Trade Review: Two Tough Trading Days

06/29/2012 9:00 am EST


Steven Spencer

Partner, SMB Capital

Steve Spencer of SMB Capital outlines two specific trades he made (or didn’t make) recently, and the thought process behind both.

I lost money trading Apollo Group (APOL) a few days ago. During my routine post-trade review, it became apparent to me that even with a few tweaks, I still would have lost money daytrading it.

Sometimes stocks do not behave well. Perhaps APOL is better suited for swing and position trading? It has a history of trading erratically intraday. During the past few years I have passed on it many times when it has been in play for this very reason. But today, with very few names in play, I was tempted to get long after its positive earnings number and confirmatory price action.

I thought I set some fairly stringent criteria for myself before getting involved to avoid an unnecessary rip. I waited for it to trade above the top of yesterday’s range—34.50. I then waited to see more buying above 35. I initiated a very small long on its first pullback to 35. The trade worked, spiking quickly up to 35.40. I got out.

On the second pullback to 35, I bought again with a little more size. When it traded up to the pre-market high of 35.70, I got flat. I spotted a repeating seller at 35.70 and decided to take a quick scalp short. I covered half when it dropped quickly below 35.50. I was stopped out for the rest when it made a new high. My focus returned to being long again.

I started buying on a 50-cent pullback to 35.30. Just nibbled. I got more aggressive as it traded closer to 35 again. It whooshed down to 34.68 and I took a large loss, selling most of the position.

When a large seller emerged at 35, I sold the rest of my long and got short. This tick chart illustrates the seller who was dumping stock at 35 for about 15 minutes.

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When the seller lifted, I covered and got long as APOL quickly traded to 35.30. At this point, I thought I was in the driver’s seat. I thought that maybe it would pull back to 35 again, but it would most likely resume its uptrend and then head for $36-plus.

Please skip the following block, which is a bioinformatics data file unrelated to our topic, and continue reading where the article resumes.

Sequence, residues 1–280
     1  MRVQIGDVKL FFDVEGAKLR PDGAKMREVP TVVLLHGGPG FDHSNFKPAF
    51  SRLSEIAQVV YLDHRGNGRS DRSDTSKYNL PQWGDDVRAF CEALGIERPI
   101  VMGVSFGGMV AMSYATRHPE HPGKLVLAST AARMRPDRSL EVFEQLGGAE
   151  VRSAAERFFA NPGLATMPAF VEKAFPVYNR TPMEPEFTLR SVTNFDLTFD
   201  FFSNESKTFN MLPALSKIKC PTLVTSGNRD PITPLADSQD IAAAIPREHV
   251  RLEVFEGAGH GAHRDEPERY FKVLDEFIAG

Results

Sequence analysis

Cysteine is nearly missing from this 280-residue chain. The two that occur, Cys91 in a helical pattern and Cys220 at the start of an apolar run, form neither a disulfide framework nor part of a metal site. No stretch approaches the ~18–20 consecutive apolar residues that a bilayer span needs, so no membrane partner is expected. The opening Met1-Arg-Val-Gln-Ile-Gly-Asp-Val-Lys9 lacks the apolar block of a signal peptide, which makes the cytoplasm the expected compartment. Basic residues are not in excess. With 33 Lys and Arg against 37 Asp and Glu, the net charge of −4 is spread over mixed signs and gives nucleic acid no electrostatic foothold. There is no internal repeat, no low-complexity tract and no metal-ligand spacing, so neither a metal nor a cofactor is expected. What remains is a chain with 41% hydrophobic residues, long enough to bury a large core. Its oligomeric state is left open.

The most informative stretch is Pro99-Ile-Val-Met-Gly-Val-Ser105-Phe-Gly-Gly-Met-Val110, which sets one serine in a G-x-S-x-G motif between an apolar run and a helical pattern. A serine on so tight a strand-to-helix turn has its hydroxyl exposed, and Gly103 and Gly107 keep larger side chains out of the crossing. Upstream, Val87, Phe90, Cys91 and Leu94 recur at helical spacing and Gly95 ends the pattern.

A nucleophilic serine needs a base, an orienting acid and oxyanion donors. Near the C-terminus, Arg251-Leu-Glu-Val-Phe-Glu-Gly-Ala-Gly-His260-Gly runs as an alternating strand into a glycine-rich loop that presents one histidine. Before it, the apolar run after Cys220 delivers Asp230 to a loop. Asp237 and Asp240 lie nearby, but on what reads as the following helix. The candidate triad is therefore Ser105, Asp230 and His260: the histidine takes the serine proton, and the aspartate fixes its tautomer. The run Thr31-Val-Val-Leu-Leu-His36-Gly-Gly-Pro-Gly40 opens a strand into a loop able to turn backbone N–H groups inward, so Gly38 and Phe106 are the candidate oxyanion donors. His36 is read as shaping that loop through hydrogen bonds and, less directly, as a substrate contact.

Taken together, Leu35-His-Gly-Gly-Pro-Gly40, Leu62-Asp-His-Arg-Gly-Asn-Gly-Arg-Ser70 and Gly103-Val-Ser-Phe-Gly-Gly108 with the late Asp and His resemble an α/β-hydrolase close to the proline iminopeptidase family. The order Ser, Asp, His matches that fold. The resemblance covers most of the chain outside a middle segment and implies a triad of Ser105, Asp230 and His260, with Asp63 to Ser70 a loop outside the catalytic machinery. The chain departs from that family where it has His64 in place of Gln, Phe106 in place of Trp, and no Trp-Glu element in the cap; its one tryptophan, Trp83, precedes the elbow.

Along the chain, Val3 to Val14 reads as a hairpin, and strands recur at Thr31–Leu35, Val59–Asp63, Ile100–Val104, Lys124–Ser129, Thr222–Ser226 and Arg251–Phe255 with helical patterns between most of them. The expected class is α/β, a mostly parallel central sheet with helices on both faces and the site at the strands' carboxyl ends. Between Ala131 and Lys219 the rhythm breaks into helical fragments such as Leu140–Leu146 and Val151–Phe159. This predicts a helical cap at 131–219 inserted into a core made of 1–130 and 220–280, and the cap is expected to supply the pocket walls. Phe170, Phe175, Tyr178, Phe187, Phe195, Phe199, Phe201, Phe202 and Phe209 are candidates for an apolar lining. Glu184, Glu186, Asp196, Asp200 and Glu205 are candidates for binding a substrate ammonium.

I was wrong. It went right back down to $34.68.

I was done for the day and off the desk. I am fairly confident APOL trades up to $37.30. Maybe even as high as $39. This is a beaten down name that is finally reporting some good numbers, and you can see there are many willing to get involved down here. By the time the media start talking about it, you will see a short-term top and it will be time to exit the swing trade.

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Then, yesterday morning, I was reviewing Tuesday’s price action in APOL again, and found a long setup that I liked. On Tuesday while trading APOL, I became somewhat enamored with the 35 level, as it worked twice for me during the first 15 minutes of trading.

But the truth is after 9:45, 34.80 established itself as a much more important level for support on the tape. Each time APOL traded to the 34.80s, there was a significant amount of buying. So today, I planned to get long APOL as it approached 34.80 and not before.

I set an alert for 34.90 and it was triggered after APOL sold off hard from 36. It appeared 34.80 would be hit shortly. I entered my bid at 34.82 fairly confident I would be long in the next few minutes.

APOL traded down to 34.86 and stopped. My bid was not executed. When I looked at APOL again it was at 35.20. Why did I not just pay the offer at 34.90 when I noticed it stopping at 34.86?

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This was not the trade I had planned, and was an adjustment I was unwilling to make. Yesterday, there was a ton of buying in the 34.80s, but twice it spiked lower to the 34.60s. Even though it was clear buyers were accumulating into the 34.80 level, the level itself was violated multiple times. My trade was to get long into 34.80, with the expectation that it would trade lower (but hopefully not through my stops).

I often chastise our traders for not paying the offer or hitting the bids to enter a position when they cannot get the “perfect entry.” The situations I am referring to are in stocks that have shown great strength or weakness and have traded cleanly.

APOL was a “whippy” mess yesterday. However, it did show me a price where I was willing to take some risk again for a move back up to 36 intraday and possibly a swing higher. But I was not willing to “pay up” for shares after the whippiness I had seen in the stock.

So the trade that day never happened. It trended up for about 1.50 from 34.86 without me. And I am fine with that.

Steve Spencer is a trader and co-founder of SMB Capital.

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